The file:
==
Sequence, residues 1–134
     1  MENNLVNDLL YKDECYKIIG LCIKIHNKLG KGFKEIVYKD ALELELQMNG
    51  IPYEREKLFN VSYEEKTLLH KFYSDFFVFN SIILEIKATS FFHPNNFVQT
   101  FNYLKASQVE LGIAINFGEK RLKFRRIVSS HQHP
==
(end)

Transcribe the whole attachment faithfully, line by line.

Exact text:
Sequence, residues 1–134
     1  MENNLVNDLL YKDECYKIIG LCIKIHNKLG KGFKEIVYKD ALELELQMNG
    51  IPYEREKLFN VSYEEKTLLH KFYSDFFVFN SIILEIKATS FFHPNNFVQT
   101  FNYLKASQVE LGIAINFGEK RLKFRRIVSS HQHP